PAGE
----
New study using Sleip: Dressage legend Ulla Håkanson funds research on the orthopaedic sustainability of horses

Isabelle Fredricson, veterinarian and researcher at the Swedish national equestrian centre Flyinge, has been awarded 1,8 MSEK in research funding from the Ulla Håkanson Foundation. The PhD study will be supervised by Elin Hernlund, DVM, Associate professor at the Swedish University of Agricultural Sciences (SLU) and co-founder of Sleip. 

In addition to the grant from Ulla Håkanson, SLU and Flyinge will provide funding. The research question is: “Smart choices for sustainable horses - can strategic movement monitoring, training regimens, and planned rest optimize the orthopaedic sustainability of riding horses?”  

Isabelle Fredricson manages the health of approximately 100 horses at Flyinge and has been a pioneering user of Sleip to monitor the horses under her care. In addition to being a DVM, Isabelle is an IVCA-certified chiropractor and has a background as a high-level show jumper. She is passionate about prevention and has long worked with riders, trainers, and farriers to address health issues proactively. 

“This collaborative study, involving experienced top riders, national equestrian facilities, veterinarians, farriers and leading researchers in biomechanics, aims to increase the understanding of early detection and prevention of orthopaedic disease. We want to establish fundamental knowledge of how management and training practices can positively impact horse health", says Isabelle Fredricson.

– We currently lack scientific studies connecting training regimens to movement asymmetries. A deeper understanding in this area could contribute to increased horse welfare – performance and sustainability –through smarter choices in training regimens, comments Elin Hernlund.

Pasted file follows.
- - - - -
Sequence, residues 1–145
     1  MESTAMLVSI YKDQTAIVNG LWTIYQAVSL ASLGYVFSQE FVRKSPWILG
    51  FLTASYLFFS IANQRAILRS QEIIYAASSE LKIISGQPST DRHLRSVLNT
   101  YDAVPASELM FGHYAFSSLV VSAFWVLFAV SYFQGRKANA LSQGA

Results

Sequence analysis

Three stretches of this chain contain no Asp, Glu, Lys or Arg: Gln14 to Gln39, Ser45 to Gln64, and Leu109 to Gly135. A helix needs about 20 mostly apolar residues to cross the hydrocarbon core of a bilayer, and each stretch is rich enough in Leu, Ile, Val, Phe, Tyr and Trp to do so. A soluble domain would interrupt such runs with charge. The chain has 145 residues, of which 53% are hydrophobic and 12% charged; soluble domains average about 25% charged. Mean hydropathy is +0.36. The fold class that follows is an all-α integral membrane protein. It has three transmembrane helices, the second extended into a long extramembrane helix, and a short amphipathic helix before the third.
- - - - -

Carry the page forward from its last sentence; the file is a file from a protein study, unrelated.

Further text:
The Sleip app will be used to collect data for the study, monitoring movement patterns and responses to changes in training regimens or management. The majority of the research will be conducted at Flyinge, which counts some 100 horses. Horses from the national facility at Strömsholm may also be included. 

Early detection and prevention through training

Orthopaedic injuries represent a significant health issue for horses. Medical treatments are often ineffective, as reflected by the high number of horses euthanized due to lameness (Egenvall et al., 2006). Early detection of lameness is likely crucial in reducing this number, providing an opportunity to implement measures to prevent severe injuries. 

As research indicates that training regimens affect orthopaedic injury rates in both racehorses (Hitchens et al., 2019) and show jumpers (Egenvall et al., 2013), changes in training regimens are likely an important intervention when horses begin to show early signs of movement irregularities. 

Opinions on what level or type of movement asymmetry constitutes a lameness in horses differ among veterinarians. Many riding horses display movement patterns similar to those of horses shown clinically to suffer from lameness, yet their owners do not notice any problems. It is unclear whether these asymmetries are a normal variation in movement or an undetected lameness (van Weeren et al., 2017; Bathe et al., 2018; Rhodin et al., 2017).

– By mapping and monitoring the movement patterns of horses over an extended period, we hope to characterize the asymmetries that worsen with increased workload and those that are unaffected, says Isabelle Fredricson. 

Against this background, this research project will focus on how the type, intensity, and variation of training affect the symmetry of horse movement. Other management factors, such as shoeing, will also be studied in relation to movement asymmetry.

The study will run from 2023-2027. 

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The research grant was presented to Isabelle Fredricson and Elin Hernlund by dressage legend Ulla Håkanson at a ceremony on the closing day of the 2023 Falsterbo Horse Show in southern Sweden.

 

About the Ulla Håkanson Foundation

Ulla Håkanson is a renowned dressage rider who has participated in six Olympic Games and continues to compete at a high level. In 2005, she established a foundation with the aim of strengthening equestrianism and contributing to horse welfare. The Ulla Håkanson Foundation annually awards the Ajax Scholarship to promising young riders in dressage and show jumping. Additionally, the foundation supports scientific research furthering "communication between humans and horses" and the well-being of horses and riders.  

 

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